It means international investors may end up financially carrying local participants; worse still, a local participant’s share of the expenses gets funded by the international participant on the back of a costly loan that leaves the local player bereft of any dividend unless commodity prices double or expenses collapse. “It can result in meaningless or illusionary participation,” says Dhar, who also notes the importance of local currency funding for local participants.

International banks tend to lend in dollars or euros with significant foreign exchange exposure for the borrower. “Loans may carry low interest rates but soft costs in terms of currency exposure and minimum sizes of debt necessary can be crippling. More exposure to local currency could be a game changer,” Dhar explains.

Yet take-up of UKEF’s local currency financing for African buyers of UK exports has been slow, says Harris. In 2016, UKEF expanded the number of local currencies in which it could support buyer credit financings to include 15 African currencies. “Like all local currency borrowers, African borrowers have to weigh up managing forex risk on the one hand versus the interest rates they pay on the other. We are yet to close our first African currency transaction, but we hope that with greater awareness of UKEF’s offer more borrowers will want to explore this route,” he says.

Another worry for UK companies sourcing local content is the Bribery Act. “UK companies need adequate procedures to ensure that the person in the local country isn’t engaging in bribery and corruption because that becomes a strict liability offence,” says Norris, adding that the requirements of the Act are increasingly being imposed on contracting parties even if they are not a UK business.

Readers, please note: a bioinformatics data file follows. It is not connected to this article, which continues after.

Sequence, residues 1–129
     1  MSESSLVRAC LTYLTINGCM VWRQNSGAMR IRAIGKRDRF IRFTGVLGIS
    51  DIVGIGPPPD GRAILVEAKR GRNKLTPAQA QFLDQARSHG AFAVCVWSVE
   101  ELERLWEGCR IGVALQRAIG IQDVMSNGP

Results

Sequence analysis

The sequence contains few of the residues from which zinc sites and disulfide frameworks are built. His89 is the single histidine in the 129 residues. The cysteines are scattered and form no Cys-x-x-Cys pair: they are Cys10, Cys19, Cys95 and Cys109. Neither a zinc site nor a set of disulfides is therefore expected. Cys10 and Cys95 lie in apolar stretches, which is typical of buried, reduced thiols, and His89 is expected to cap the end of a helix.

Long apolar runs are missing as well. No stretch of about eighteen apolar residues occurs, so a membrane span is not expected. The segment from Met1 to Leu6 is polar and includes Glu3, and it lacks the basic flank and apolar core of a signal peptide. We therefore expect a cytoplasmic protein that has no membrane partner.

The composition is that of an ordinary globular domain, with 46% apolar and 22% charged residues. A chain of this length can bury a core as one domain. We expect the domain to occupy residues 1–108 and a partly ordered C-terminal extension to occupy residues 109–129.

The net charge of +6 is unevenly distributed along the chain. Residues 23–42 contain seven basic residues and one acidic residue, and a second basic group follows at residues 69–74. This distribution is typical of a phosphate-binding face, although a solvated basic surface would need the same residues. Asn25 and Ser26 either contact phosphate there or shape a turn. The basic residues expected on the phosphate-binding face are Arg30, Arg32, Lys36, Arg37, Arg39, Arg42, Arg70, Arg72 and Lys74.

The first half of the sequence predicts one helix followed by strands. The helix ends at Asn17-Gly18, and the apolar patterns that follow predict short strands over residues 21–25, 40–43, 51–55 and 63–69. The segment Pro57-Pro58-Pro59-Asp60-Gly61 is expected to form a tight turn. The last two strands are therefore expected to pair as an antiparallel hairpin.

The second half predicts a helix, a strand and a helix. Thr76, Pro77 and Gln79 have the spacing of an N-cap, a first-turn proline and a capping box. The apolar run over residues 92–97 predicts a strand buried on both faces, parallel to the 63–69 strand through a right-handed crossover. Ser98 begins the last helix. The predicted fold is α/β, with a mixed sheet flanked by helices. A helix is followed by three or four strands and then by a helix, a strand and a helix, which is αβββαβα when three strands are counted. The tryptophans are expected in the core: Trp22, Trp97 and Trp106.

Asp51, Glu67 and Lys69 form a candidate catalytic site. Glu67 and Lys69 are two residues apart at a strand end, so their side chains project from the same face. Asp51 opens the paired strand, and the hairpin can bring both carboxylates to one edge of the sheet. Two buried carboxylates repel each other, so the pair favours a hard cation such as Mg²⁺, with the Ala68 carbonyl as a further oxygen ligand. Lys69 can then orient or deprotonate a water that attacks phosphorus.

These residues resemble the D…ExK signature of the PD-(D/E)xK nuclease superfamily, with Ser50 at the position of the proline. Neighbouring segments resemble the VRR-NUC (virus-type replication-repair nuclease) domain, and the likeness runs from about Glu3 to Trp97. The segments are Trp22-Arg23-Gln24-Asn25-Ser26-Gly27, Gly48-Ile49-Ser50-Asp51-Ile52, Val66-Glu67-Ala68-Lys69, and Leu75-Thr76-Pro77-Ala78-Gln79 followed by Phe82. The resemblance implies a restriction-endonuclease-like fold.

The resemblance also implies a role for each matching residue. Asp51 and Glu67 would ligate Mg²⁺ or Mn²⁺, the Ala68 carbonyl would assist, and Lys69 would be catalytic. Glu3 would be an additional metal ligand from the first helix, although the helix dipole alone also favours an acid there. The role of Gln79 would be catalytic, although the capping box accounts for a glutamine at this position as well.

It’s a similar story in the agricultural sector, where poor yields and feeble local production often struggle to support value-add in factories and processing plants, forcing the agri-processors that do exist to import their raw materials. “We still find in many of our countries that the competitiveness of the average farmer is questionable,” says Umunna.

He draws on yield data to illustrate his point. Nigeria produces 1.8 tonnes of corn per hectare, compared to Egypt, which produces 7.7 tonnes per ha. Rice yields in Nigeria vary from between 1.3 tonnes per ha to 2.2 tonnes per ha, compared to Egypt’s yields of 9.5 tonnes per ha. Such poor crop yields hit agricultural processors’ bottom line, who always look to source commodities cheaply, he explains. “Nigeria’s agricultural sector needs to improve production if it wants to be a major supplier to the processors.”

Encouragingly, companies such as Olam, Nestlé and Unilever, which has invested $30 million in two tea processing sites in Rwanda, and Coca Cola, which opened a new value-add drinks factory in Nairobi in 2018, are starting to invest more in local production backed by ‘Build Africa’ and ‘Source Africa’ strategies.

But Umunna would like to see them do a lot more. “The multinationals argue that their actions are influenced by consumer demand, but they also have the power to influence demand with Made in Africa strategies. It’s like that Chinese proverb ‘a journey of a thousand miles begins with a single step’.”